* Andy Philips
* Texas A&M
* 12/27/2013
*
* Bootstrapping, Jack-knifing, and Monte Carlo
*
* -----------------------------------------------------------------------
* This .do file contains code mostly for the canned stata procedures
* for bootstrap, jackknife, and monte carlos. Examples are given from
* generated data
* DGP:
clear
set seed 345
set obs 120
gen e1 = rnormal()
gen x1 = rnormal()
gen x2 = rnormal()
gen x3 = rnormal()
gen y = 2*x1 + 3*x2 + e1
* BOOTSTRAPPING --------------------------------------------------------------
/* bootstrapping standard errors from a statistic can be used by the following:
1. write program (if you have a custom statistic program)
2. load in data
3. drop missing values (STATA will not discern if you have missing
values)
4. drop unneeded variables (this speeds up a bootstrap)
5. set seed
6. run bootstrap
*/
* first drop any missing obs
foreach var in y x1 x2 {
drop if `var' == .
}
reg y x1 x2
bootstrap, reps(1000): regress y x1 x2
/* note how the t-scores are slightly lower in the bootstrap, but the coeffs.
remain the same. for speed we can drop unneeded vars.
*/
timer clear
timer on 1
bootstrap, reps(1000): regress y x1 x2
timer off 1
timer on 2
drop x3
bootstrap, reps(1000): regress y x1 x2
timer off 2
timer list
* we get moderate gains even with only 120 obs and 4 variables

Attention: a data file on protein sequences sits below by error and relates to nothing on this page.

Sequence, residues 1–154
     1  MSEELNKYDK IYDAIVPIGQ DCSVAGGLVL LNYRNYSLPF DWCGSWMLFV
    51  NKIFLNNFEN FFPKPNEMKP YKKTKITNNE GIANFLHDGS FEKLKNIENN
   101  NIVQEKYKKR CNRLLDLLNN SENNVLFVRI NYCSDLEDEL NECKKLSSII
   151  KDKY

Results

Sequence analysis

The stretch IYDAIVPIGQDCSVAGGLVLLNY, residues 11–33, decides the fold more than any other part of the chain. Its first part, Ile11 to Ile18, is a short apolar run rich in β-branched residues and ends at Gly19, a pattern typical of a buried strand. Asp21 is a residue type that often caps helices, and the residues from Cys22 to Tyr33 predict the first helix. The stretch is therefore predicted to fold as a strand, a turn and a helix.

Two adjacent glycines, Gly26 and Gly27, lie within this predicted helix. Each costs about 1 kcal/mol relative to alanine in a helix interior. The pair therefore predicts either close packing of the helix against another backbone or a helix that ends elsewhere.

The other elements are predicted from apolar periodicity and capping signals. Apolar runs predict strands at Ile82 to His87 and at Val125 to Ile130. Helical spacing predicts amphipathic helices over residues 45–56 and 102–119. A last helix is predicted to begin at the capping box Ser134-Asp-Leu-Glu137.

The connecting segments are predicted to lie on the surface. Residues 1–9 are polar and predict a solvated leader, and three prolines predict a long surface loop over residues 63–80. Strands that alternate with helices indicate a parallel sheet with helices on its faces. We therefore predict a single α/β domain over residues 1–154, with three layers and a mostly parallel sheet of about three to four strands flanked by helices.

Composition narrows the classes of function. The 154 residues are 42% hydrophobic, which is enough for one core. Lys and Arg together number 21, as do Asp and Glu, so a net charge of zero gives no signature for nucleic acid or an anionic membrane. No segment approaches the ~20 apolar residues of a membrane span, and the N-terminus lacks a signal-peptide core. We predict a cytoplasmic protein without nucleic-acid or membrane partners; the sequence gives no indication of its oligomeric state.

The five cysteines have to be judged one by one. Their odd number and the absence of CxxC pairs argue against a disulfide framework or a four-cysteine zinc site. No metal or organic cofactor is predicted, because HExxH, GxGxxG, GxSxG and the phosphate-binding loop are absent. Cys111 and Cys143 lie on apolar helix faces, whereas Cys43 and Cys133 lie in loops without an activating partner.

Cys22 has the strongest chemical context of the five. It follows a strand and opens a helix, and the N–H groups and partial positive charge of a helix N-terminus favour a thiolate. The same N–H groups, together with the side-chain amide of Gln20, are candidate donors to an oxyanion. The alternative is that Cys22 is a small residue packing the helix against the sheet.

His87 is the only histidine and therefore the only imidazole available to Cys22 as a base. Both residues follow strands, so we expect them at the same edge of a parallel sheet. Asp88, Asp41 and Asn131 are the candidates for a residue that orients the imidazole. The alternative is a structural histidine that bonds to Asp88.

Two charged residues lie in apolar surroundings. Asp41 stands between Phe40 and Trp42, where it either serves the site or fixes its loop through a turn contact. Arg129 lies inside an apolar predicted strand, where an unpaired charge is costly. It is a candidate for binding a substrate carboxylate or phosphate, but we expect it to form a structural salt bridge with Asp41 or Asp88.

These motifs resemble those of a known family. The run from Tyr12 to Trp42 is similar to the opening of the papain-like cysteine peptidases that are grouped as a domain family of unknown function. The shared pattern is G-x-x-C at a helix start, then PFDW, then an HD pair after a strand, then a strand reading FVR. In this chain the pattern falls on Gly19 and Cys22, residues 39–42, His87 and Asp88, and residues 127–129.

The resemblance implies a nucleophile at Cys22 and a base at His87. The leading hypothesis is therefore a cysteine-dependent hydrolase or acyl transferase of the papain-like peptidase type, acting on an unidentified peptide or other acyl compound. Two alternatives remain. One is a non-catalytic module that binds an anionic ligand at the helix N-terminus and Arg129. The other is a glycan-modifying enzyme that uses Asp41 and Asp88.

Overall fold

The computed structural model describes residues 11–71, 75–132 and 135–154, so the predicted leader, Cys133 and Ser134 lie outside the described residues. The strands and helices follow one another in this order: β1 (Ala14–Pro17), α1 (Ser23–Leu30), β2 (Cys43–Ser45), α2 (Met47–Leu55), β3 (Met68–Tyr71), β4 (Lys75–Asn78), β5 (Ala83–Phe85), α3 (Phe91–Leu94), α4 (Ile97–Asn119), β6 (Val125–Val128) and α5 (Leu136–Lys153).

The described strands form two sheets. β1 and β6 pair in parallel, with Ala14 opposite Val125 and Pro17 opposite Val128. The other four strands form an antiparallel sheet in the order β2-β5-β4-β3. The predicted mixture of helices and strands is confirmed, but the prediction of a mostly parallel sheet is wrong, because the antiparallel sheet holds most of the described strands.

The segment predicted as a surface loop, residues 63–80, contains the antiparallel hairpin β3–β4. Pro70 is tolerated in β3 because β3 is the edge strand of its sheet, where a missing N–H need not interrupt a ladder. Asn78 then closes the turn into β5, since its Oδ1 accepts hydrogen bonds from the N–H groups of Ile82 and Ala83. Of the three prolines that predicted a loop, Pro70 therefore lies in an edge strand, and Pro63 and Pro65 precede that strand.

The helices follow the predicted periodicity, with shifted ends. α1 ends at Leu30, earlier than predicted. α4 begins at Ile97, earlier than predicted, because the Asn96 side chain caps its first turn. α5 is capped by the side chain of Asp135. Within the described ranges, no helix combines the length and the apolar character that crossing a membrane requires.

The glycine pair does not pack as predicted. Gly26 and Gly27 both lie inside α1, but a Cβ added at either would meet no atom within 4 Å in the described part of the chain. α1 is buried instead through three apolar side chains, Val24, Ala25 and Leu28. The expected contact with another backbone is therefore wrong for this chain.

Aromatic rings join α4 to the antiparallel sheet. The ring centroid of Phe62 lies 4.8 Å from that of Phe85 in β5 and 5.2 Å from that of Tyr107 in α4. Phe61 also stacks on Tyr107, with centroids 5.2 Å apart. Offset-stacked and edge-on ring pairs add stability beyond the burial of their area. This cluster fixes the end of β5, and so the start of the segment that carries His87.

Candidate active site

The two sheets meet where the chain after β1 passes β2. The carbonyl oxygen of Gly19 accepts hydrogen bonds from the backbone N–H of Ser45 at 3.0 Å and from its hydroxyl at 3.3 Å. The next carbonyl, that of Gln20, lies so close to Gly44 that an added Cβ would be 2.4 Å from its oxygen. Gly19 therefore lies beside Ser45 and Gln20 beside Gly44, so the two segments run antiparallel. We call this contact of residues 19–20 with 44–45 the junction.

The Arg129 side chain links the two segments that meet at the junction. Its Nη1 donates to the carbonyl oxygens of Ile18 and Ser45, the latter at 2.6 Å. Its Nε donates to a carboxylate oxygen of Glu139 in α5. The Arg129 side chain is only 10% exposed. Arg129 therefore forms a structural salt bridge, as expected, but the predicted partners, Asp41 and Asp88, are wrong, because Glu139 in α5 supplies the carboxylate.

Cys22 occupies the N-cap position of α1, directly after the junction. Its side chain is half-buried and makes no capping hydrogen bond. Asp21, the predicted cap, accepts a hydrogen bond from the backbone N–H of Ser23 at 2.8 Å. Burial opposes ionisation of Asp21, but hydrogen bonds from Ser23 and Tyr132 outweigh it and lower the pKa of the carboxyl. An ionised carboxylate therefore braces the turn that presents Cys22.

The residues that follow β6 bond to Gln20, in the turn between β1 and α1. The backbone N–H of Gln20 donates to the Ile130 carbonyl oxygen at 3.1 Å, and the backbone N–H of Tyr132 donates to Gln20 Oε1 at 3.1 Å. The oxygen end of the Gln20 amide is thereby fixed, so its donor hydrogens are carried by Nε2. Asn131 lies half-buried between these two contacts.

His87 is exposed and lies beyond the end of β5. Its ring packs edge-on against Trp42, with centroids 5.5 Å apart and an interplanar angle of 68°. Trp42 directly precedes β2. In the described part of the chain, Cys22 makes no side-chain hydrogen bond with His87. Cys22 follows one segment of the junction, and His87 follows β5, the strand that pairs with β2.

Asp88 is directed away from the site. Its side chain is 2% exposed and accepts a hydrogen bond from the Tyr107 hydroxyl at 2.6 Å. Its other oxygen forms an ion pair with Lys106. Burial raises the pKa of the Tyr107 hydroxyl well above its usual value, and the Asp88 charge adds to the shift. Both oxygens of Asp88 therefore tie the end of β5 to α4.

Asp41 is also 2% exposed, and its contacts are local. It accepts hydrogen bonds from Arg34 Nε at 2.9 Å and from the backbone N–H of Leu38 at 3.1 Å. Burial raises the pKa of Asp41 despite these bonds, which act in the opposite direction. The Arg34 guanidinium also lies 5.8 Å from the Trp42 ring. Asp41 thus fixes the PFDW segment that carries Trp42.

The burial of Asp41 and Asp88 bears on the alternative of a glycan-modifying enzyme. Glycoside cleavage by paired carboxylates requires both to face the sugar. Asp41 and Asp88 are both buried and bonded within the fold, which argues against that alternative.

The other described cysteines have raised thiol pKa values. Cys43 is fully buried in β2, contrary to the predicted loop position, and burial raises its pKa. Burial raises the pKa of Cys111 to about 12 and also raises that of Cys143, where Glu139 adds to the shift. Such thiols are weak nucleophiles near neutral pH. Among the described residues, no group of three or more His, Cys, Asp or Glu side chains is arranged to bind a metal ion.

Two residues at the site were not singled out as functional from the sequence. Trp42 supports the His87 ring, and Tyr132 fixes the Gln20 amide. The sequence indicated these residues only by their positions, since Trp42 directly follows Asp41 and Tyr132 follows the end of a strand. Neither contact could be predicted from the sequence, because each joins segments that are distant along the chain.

* Jack-knifing ---------------------------------------------------------------
jackknife coef=_b[x1]: reg y x1 x2
/* bootstrap is more efficient than JK-ing, but jackknife is still good at
getting influential observations. first let's add an influential point
*/
replace x1 = 30 in 20
hist x1
* now we add a standard deviation jknife and skewness, keeping the variables
jackknife sd=r(sd) skew=r(skewness), rclass keep: summarize x1, det
summarize sd skew, detail
list x1 if sd > 10
* Monte Carlo Simulation -----------------------------------------------------
* MCs simulate finite data from a hypothesized model...usually we want to
* examine our confidence intervals to verify that they are the `true' intervals
* first, lets program a simple regression where we can set the observations
* and some c that changes the x vars
capture program drop myreg
program myreg
version 12
clear
args obs c
set obs `obs'
gen x1 = rnormal()
gen x2 = rnormal()
gen y = 2*x1*`c' + 3*x2*`c' + rnormal()
regress y x1 x2
end
* now the monte carlo part. we specify 100 observations and a coefficient
* `changer' of 1
set seed 345
simulate _b _se, reps(1000) nodots: myreg 100 1
su
simulate _b _se, reps(1000) nodots: myreg 1000 1
su
* to see what's going on, another way to do so is to hand-write our program:
clear
set seed 2355
cd "/Users/andyphilips/Documents/Methods/Stata Help"
set obs 100
* we can set our values as before:
scalar constant = 0
scalar x1slope = 2
scalar x2slope = 3
scalar sigma = 1
scalar alpha = 0.05
* now we make up our equation
gen x1 = rnormal()
gen x2 = rnormal()
gen y_true = constant + x1slope*x1 + x2slope*x2
gen epsilon = .
gen y = .
tempname simulation
* how many reps you want
global reps = 1000
* now we can loop our program
postfile `simulation' b1 b2 se1 se2 coverage1 coverage2 using results, replace
quietly {
forv i = 1/$reps {
replace epsilon = rnormal(0,sigma)
replace y = y_true + epsilon
reg y x1 x2
scalar b1 = _b[x1]
scalar b2 = _b[x2]
scalar se1 = _se[x1]
scalar se2 = _se[x2]
scalar lb1 = b1 -se1*invttail(e(df_r),alpha/2)
scalar ub1 = b1 +se1*invttail(e(df_r),alpha/2)
scalar lb2 = b2 -se2*invttail(e(df_r),alpha/2)
scalar ub2 = b2 +se2*invttail(e(df_r),alpha/2)
scalar pv1 = x1slopelb1
scalar pv2 = x2slopelb2
post `simulation' (b1) (b2) (se1) (se2) (pv1) (pv2)
}
}
postclose `simulation'
use results, clear
summarize